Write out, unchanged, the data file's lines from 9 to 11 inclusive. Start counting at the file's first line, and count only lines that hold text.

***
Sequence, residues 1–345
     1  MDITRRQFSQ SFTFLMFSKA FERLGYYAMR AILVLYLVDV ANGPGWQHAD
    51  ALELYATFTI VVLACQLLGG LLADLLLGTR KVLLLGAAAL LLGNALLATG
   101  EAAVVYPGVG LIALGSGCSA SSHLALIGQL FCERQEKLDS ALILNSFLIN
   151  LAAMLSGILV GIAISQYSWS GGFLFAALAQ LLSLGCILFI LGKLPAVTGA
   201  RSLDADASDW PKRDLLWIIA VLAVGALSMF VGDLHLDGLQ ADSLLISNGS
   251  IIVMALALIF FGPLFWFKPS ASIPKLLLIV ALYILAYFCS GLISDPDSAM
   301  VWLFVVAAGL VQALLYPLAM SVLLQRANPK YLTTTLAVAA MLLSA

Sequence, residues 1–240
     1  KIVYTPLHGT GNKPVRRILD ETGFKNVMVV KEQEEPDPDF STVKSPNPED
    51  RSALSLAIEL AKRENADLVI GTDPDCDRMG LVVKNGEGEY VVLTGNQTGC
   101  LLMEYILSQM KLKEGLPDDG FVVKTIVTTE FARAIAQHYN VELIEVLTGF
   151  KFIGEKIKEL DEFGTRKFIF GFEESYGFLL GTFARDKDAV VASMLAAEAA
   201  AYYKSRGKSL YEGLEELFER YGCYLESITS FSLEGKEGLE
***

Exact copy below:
Sequence, residues 1–240
     1  KIVYTPLHGT GNKPVRRILD ETGFKNVMVV KEQEEPDPDF STVKSPNPED
    51  RSALSLAIEL AKRENADLVI GTDPDCDRMG LVVKNGEGEY VVLTGNQTGC